The Longest Memory by Fred D'Aguiar is a compelling and tragically poignant novel set in Virginia, 1810. The unique, fragmented narrations with its ironies and bigoted criticisms lurking in the words of many presents a definite ethical vision in which the reader commiserates with the suffering and feels contempt for the savage. The calamity of the story and also its main ironic element centres on an old, veteran slave Whitechapel. He inadvertently causes the death of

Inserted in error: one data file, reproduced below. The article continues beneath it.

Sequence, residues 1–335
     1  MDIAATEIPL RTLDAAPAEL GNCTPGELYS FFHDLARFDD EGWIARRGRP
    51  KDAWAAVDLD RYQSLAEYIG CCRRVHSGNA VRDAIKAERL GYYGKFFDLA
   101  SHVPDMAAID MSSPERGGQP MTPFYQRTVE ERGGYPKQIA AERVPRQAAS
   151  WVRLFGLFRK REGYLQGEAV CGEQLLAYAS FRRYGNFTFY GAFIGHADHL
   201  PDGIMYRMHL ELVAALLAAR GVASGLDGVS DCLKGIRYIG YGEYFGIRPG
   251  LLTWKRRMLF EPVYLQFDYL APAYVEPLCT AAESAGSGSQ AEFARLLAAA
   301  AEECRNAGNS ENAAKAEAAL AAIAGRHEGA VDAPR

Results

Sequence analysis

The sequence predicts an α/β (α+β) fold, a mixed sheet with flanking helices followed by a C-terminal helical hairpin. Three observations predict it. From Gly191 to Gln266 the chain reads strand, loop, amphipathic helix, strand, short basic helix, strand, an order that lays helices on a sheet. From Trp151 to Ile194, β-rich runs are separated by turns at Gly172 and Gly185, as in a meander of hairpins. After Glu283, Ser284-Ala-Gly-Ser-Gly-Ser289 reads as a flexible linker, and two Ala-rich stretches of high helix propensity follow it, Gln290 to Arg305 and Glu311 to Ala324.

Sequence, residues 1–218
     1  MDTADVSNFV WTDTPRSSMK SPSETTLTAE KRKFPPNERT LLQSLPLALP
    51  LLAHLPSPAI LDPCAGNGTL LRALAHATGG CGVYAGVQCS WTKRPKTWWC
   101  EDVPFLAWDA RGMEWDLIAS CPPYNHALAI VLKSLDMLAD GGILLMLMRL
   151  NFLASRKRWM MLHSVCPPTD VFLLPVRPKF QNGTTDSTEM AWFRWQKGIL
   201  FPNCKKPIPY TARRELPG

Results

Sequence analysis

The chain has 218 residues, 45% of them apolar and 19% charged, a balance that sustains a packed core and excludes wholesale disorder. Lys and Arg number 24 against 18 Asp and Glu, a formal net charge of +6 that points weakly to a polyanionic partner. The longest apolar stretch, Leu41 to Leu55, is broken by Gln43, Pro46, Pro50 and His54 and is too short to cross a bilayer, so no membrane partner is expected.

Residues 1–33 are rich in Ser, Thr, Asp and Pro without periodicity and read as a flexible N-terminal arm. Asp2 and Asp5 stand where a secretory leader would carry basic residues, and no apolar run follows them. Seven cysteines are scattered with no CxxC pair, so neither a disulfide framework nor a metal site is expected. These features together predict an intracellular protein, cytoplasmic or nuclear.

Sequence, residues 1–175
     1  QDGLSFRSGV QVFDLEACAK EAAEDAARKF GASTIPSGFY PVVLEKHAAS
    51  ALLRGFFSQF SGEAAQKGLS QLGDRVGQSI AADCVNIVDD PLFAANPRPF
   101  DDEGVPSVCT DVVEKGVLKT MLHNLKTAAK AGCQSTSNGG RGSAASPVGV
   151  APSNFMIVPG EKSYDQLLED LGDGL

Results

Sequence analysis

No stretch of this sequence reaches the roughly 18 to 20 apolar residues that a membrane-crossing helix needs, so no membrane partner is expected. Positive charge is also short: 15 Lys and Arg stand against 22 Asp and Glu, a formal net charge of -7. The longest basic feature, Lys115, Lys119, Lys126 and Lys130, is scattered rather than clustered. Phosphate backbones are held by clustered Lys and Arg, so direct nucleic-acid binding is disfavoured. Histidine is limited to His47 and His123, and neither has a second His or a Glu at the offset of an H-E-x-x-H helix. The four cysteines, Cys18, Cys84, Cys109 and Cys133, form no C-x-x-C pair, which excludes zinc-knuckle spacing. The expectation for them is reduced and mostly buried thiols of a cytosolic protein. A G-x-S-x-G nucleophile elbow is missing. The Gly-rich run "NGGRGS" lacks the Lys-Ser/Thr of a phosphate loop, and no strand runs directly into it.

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The Longest Memory is clearly an in-depth novel, which deals with issues of slavery, human suffering and tragic love, elaborated with the use of ironies to explain the moral vision. The admirable qualities of dignity and tolerance expressed by the slave characters undermine all prejudices to prove how slaves have been unfairly treated. As a result, the audience sides loyally with the slaves and recognises many actions of the slaves as extraordinary feats of intrepidity.